Figure 7b presents Nyquist plots of the structures based on PS in the complex plane Z ReZ Im. To interpret the impedance of experimental structures, the equivalent circuit models were constructed. Within the first model for the PS, the porous layer can be regarded as the composition of parallel-connected capacitor with the capacitance C 1 and resistor with the resistance R 1 [29]:

$$ Z\left(\omega \right)=\frac{R_1}{1+ j\omega {R}_1{C}_1}. $$

After the approximation of the impedance spectra of the PS structure, the following values were derived: R 1 = 10.3 MΩ and C 1 = 177 pF. In the second model for the PS, the resistive–capacitive properties of the system are described using the constant phase element (CPE) in the equivalent circuit as shown in inset Fig. 7b. Expression for the impedance of the R–CPE model will be the following [38]:

$$ Z\left(\omega \right)=\frac{R_2}{1+{\left( j\omega \right)}^n{R}_2 Q}, $$

where Q is the CPE and n characterizes the heterogeneity of the electrical properties of the structure (−1 ≤ n ≤ 1). In case n = 1, CPE corresponds to the pure capacitance, and when n = 0, CPE transforms into the simple active resistance. In case of the R–CPE model, the approximation parameters of the PS impedance are R 2 = 16.4 MΩ, Q = 9.8 × 10−10 and n = 0.74. Analysis of the results shows that the electrical properties of the PS nanostructures are described better using the CPE in the equivalent circuit.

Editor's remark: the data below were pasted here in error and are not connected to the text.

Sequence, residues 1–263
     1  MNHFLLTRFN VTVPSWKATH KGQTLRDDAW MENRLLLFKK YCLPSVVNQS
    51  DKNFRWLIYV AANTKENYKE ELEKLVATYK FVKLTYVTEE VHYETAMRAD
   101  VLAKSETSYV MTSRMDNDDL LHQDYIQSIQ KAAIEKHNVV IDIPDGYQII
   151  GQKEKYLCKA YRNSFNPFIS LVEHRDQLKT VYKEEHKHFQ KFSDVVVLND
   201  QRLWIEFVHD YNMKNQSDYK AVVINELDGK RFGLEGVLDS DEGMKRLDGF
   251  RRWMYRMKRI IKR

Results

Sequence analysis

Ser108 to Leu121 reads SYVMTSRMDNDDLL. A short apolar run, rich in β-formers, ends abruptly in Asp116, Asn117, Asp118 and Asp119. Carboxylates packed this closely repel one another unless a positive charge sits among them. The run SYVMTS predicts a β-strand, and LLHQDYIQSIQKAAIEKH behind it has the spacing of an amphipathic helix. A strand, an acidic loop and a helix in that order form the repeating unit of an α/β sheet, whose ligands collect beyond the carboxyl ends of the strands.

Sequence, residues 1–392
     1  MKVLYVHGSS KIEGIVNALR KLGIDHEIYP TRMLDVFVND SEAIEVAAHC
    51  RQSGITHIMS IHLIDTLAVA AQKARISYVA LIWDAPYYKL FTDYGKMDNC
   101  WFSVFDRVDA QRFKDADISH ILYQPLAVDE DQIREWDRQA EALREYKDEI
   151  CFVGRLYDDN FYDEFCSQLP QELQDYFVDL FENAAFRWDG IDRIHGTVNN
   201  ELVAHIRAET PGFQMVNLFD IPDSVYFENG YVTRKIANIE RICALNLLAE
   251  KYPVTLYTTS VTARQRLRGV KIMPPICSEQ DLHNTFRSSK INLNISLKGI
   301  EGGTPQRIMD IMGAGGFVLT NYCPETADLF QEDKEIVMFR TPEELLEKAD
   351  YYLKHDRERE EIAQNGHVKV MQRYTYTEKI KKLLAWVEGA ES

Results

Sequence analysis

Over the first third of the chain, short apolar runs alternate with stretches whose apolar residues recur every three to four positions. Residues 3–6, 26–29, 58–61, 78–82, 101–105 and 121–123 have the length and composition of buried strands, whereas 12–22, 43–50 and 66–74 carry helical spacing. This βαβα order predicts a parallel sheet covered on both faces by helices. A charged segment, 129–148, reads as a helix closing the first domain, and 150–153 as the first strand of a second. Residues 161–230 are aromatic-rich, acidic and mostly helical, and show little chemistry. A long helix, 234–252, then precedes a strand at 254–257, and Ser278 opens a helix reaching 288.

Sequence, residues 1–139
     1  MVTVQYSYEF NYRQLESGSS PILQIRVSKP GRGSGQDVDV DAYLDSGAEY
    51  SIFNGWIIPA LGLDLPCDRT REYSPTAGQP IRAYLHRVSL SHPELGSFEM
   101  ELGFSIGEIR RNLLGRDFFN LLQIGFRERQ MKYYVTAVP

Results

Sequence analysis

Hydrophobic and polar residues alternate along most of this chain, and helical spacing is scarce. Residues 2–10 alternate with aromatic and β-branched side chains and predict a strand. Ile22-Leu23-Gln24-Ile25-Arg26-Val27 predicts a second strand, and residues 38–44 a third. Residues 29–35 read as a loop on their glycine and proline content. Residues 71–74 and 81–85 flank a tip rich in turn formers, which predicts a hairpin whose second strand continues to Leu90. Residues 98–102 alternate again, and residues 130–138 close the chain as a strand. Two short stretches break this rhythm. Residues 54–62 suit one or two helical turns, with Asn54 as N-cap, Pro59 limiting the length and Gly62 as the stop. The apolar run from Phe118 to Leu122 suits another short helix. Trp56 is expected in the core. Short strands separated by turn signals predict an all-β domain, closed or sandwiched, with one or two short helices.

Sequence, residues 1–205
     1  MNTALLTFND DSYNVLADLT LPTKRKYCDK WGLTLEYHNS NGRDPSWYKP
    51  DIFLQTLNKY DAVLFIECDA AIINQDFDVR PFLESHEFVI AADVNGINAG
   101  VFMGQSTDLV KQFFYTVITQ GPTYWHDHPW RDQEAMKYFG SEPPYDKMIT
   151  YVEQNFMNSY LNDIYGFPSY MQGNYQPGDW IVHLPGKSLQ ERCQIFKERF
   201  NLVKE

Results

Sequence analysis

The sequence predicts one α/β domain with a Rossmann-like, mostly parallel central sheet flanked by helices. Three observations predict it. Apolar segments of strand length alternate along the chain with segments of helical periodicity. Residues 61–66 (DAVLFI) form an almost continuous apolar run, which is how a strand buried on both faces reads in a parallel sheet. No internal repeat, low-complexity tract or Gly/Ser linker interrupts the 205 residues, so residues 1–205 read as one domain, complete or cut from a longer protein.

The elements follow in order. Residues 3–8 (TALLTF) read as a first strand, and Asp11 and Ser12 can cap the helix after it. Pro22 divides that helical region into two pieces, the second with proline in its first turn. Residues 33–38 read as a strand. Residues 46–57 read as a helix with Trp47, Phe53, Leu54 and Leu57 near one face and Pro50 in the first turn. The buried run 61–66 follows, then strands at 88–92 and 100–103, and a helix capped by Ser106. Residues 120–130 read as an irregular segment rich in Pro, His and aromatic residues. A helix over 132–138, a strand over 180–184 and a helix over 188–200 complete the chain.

According to the model for the PS–RGO structure, the total impedance Z(ω) of the sample can be represented by two RC (parallel resistor and capacitor) sub-circuits connected in series. Moreover, low-frequency R B C B and high-frequency R V C V sub-circuits correspond to the process of transfer of charge carriers through the boundary and in the bulk of silicon nanocrystals, respectively. For the analysis of this model, it is also appropriate to use the CPE. After replacing the C B capacitor by CPE, the expression for the impedance of the PS–RGO structures will be the following:

$$ Z\left(\omega \right)={R}_0+\frac{R_V}{1+ j\omega {R}_V{C}_V}+\frac{R_B}{1+{\left( j\omega \right)}^n{R}_B Q}. $$

As it is evident from Fig. 7b, the contribution of active resistance R 0 of the silicon substrate and the supply contacts is negligibly small (real axis value intercept at ω = ∞ is about zero). Therefore, we do not consider this resistance in the impedance models for experimental PS–RGO structures.